Objective: Increasing rates of antibiotic resistance have stimulated efforts to decrease antibiotic use. To assess the success of these efforts, we analyzed antibiotic prescribing trends in children younger than 5 years old, the group with the highest use, from 1993 to 1999.
Methods: Data from the National Ambulatory Medical Care Survey were analyzed to determine antibiotic prescribing patterns for office-based visits from 1993 to 1999 for children <5 years old. Data were stratified by US regions, patient's race and gender. Antibiotic prescription rates per 1,000 population were calculated with population data from the US Census Bureau as the denominator. Specific prescribing of penicillins, cephalosporins, macrolides and sulfas was also assessed.
Results: Overall antibiotic prescribing in the office-based setting peaked in 1995 at 1,191 antibiotic courses per 1,000 children, then declined to 698 per 1,000 in 1999, a decrease of 41%. Antibiotic prescribing was consistently higher in whites than blacks; however, declines in prescribing over time were observed in both groups. Although there was wide regional variation in antibiotic prescribing in the early 1990's, by the late 1990's prescribing rates were similar in all regions. Prescriptions for penicillins and cephalosporins combined comprised 77 and 70% of total prescriptions during 1993 to 1997 and 1998 to 1999, respectively. Macrolide prescriptions reached a nadir during 1993 to 1997, accounting for 9% of the total, but increased to 16% during 1998 to 1999.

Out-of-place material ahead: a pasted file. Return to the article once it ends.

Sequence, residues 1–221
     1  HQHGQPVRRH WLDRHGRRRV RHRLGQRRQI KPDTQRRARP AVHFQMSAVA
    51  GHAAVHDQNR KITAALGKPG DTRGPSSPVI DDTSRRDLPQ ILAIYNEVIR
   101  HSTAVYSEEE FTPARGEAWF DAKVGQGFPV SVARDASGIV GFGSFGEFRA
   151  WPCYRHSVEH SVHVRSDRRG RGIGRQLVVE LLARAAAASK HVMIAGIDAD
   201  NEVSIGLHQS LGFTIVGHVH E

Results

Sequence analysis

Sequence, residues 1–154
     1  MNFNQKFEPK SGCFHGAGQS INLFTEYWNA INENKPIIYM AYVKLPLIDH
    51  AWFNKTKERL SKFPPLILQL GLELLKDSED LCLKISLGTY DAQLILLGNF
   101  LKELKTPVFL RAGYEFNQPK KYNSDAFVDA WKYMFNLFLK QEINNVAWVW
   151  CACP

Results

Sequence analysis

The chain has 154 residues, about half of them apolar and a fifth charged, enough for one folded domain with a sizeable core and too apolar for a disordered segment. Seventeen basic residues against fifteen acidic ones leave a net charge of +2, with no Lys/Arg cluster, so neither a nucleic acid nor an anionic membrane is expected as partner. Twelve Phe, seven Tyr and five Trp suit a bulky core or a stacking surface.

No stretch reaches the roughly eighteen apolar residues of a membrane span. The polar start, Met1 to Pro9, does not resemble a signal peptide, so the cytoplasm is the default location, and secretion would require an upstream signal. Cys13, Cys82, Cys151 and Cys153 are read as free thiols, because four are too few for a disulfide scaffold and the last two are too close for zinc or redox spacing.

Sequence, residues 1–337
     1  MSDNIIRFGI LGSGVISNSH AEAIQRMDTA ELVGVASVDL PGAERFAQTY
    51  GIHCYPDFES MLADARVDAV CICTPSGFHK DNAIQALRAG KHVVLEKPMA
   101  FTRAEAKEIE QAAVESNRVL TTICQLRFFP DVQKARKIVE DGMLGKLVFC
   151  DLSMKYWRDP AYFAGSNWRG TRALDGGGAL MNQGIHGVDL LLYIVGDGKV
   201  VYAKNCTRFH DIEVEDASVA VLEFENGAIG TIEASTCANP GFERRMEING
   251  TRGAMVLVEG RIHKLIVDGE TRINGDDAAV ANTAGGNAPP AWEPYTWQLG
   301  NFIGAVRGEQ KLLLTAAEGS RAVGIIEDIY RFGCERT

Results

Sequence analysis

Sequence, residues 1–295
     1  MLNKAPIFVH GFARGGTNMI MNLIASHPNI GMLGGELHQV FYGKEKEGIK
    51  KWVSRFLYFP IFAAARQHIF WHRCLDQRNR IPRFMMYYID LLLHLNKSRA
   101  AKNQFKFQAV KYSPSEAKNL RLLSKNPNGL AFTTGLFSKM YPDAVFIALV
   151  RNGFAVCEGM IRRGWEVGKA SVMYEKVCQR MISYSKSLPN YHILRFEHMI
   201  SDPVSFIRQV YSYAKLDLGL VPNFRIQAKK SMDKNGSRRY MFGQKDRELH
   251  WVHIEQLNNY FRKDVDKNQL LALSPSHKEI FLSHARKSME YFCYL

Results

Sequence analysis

Conclusion: Since 1995 the rates of antibiotic prescriptions in children <5 years of age have declined substantially. At the same time changes have occurred in the types of antibiotics prescribed. It appears that efforts to reduce antibiotic use have been successful. Whether this decrease in use will be accompanied by lower rates of antibiotic resistance will need to be determined.